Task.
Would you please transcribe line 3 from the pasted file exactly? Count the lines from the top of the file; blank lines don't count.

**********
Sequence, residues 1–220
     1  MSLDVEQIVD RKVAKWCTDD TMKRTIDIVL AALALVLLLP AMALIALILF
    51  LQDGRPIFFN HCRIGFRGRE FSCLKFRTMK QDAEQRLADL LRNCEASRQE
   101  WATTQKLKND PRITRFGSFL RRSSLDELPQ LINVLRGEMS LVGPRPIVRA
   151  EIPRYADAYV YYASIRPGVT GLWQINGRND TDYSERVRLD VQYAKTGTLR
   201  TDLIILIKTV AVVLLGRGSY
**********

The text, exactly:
    51  LQDGRPIFFN HCRIGFRGRE FSCLKFRTMK QDAEQRLADL LRNCEASRQE